...making Linux just a little more fun!
By Dave Bechtel
If you were incredibly lucky (like me), perhaps you received an external USB hard drive for Christmas. Or perhaps you have one lying around already, with plenty of free space. And perhaps you also read the recent Slashdot article about compression software and have lots of fairly sizable gzipped files laying about.
After reading the comments in that article, I was dismayed to learn that my favorite compression tool of choice (gzip) has no error-correction capabilities. While I deem it to be the best all-around for quick backups with a decent compression ratio, gzip will choke if it gets a data error on restore - and there's something to be said for data integrity.
So, having this nice shiny new USB external drive and some time on my hands, I wrote a Bash utility script to re-compress gzip files to bzip2, using the external drive. It takes an order of magnitude longer to compress, but at least I'll save some space and have a hope of recovering the compressed data if things go wrong... Right??
My particular external drive is a 120-gig that came factory-formatted as a single FAT32 partition. Now, any Linux guru worth their salt knows that this thing practically begs to be customized, since Fat32 has a 2GB(Linux) or 4GB(Windows) filesize limit - depending on who's writing to it.
So, I fired up my Knoppix HD install and repartitioned it. Nothing fancy, just good old fdisk.
Here's how it looks now:
$ fdisk -l /dev/sdb Disk /dev/sdb: 255 heads, 63 sectors, 14593 cylinders Units = cylinders of 16065 * 512 bytes Device Boot Start End Blocks Id System /dev/sdb1 * 1 1 8032 83 Linux /dev/sdb2 2 14593 117210240 f Win95 Ext'd (LBA) /dev/sdb5 2 18 136552 82 Linux swap /dev/sdb6 19 4999 40009882 c Win95 FAT32 (LBA) /dev/sdb7 5000 5622 5004247 83 Linux /dev/sdb8 5623 14593 72059557 83 Linux
(I did make a note of the fact that the factory-default was one big type "c", in case I needed to go back to that.)
Notice the 40GB Fat32 partition. In my other life (sssshhh!) I run Windows 2000 Professional - and was forcibly reminded that everything after Windows ME has a 32GB partition size limit for formatting Fat32. Note that the limitation is on formatting - not accessing - this is by design, and Microsoft has publically admitted it.
After going through several free Windows tools for formatting and repartitioning (and running into a brick wall), I eventually gave up on Windows 2000 formatting the thing. The vendor has a utility on their website to restore the drive to factory-default partitioning, but that doesn't really help my intended use of the drive. I could have formatted it in Windows 98, but that's no fun - and it would need a separate driver for the OS to recognize the drive.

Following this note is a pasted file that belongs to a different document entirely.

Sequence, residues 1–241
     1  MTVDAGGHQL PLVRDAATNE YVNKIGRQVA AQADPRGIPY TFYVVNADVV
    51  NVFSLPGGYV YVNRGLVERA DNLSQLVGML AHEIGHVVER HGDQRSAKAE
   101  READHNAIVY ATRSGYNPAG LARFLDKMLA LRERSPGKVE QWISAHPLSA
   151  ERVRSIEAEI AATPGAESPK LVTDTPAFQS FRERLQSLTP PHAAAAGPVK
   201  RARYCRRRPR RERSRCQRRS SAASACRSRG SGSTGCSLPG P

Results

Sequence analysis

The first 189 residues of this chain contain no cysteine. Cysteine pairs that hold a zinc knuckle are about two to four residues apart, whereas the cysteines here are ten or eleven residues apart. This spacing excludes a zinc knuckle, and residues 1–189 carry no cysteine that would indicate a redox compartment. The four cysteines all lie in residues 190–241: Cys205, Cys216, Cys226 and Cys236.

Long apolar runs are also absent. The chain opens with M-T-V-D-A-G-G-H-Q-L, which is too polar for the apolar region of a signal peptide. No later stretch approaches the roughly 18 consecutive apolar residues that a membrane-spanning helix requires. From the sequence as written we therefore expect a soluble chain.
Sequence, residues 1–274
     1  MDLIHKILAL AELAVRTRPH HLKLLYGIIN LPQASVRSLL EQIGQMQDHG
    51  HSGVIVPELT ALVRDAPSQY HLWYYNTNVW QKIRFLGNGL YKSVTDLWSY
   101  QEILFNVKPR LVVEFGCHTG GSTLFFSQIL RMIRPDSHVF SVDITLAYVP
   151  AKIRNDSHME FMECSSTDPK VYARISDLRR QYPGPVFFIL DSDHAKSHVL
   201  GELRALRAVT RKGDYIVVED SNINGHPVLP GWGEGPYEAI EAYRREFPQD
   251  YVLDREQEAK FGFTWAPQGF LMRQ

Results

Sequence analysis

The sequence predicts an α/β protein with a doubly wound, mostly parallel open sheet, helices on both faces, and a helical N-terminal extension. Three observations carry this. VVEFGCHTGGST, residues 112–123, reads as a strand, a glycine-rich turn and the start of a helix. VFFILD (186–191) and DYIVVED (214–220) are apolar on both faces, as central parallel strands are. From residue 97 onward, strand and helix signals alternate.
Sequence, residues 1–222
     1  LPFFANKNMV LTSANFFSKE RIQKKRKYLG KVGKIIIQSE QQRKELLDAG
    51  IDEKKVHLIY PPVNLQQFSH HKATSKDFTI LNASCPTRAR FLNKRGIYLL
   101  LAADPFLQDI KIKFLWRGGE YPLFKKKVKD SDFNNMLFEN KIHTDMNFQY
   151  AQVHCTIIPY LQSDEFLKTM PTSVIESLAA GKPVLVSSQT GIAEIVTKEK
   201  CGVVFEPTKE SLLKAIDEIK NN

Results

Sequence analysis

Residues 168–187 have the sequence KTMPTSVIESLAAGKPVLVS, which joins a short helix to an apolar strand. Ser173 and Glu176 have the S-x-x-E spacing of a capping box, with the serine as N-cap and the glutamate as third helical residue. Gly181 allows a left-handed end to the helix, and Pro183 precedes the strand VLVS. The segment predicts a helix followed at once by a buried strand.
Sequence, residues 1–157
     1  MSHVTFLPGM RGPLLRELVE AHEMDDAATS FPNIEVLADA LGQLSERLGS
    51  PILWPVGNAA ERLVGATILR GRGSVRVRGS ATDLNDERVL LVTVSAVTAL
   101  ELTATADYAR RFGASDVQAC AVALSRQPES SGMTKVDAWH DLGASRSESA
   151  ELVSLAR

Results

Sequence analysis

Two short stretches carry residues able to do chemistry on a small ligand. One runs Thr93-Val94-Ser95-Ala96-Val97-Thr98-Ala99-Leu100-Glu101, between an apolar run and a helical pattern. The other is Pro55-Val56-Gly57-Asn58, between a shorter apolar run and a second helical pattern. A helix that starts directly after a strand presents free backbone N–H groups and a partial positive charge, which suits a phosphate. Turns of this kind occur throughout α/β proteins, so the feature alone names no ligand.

So, rather than give up a perfectly usable 8GB, good old Linux to the rescue again:
$ mkdosfs -F 32 -v -n wdfat40 /dev/sdb6
Presto! Windows 2000 recognizes the drive just fine now, and it passes all the chkdsk tests. And for all you dual-booters out there, a wonderful utility exists called Ext2IFS ( http://www.fs-driver.org/ ). This allows NT-based systems like Windows 2000 to access ext2/ext3 partitions just like a regular drive - read/write, so no need for NTFS!
The Linux partitions were formatted like so:
mke2fs -j -c -m1 -v /dev/sdbX
Here are the /etc/fstab entries I created for the drive, BTW:
/dev/sdb6 /mnt/wdfat40 auto defaults,noauto,noatime,user,suid,noexec,uid=dave 0 0 /dev/sdb7 /mnt/wdlinux ext3 defaults,noauto,noatime,rw 0 0 /dev/sdb8 /mnt/wdvast ext3 defaults,noauto,noatime,rw 0 0
Note the "uid=dave" in that first line. That's so my non-root user account will have write access to the drive by default.
Now onto the good part - the "rezip"
At first, I started out by writing a fairly basic script with a simple function call and manually-entered filenames. Then I sat down and took another look at it - and practically rewrote it from scratch, with some features that occurred to me after several test runs.
rezip Currently Features:
$ find /mnt/bkps -name \*.gz > ~/rezipp-files.txt && rezip
Note: if you abort the script and then re-run it, you have to manually delete the last (partial) .bz2 file it was working on, or that will be skipped as well. This is where the log comes in handy. :)
-- KNOWN BUG(s):
$ kill %jobnumber-- Example:
^Z + Stopped rezip ' kill %1 ' + Terminated rezip
$ >rezip.logwill reset it to 0 length.
$ dd if=any-gz-file-more-than-20MB.gz of=KNOWNBAD.gz bs=1M count=21and redo your "find" to include it.
During the course of writing the script, I had hard-coded most of the defaults, such as the size of files to skip, the log file name, etc. These were eventually changed to be variables before the script was published for LG - so that you, the end-user, can have More Control (TM) over its actions. ;-)
I encourage everyone to READ THE SOURCE CODE before running rezip. You may find it handy to view it in an editor that colorizes or highlights executable syntax, such as ' mcedit ' or ' jstar '.
Comments, feature requests, bug reports, etc., are welcome.
( Don't forget to ' chmod +x rezip ' and put it somewhere in your $PATH - /usr/local/bin is suggested. )
Bio: Born in 1972, Dave Bechtel grew up programming in Basic with Apple ][e's, TI99 4/A, IBM PC (640K!) and a Tandy 1000SX, none of which actually had hard drives -- 360K floppy only. And we LIKED IT! ;-)
Eventually left BASIC behind, and moved on to programming in REXX and Bash.
Got interested in Linux around 1997. Started with Red Hat and went on to SuSE, tried several other distros and a *BSD or two, and has now settled on Knoppix/Debian/Ubuntu, in roughly that order. Currently living in Lake Zurich, IL.
Likes: Computers, motorcycles, Linux, reading and watching sci-fi (currently Star Trek TOS, Stargate, and Battlestar Galactica)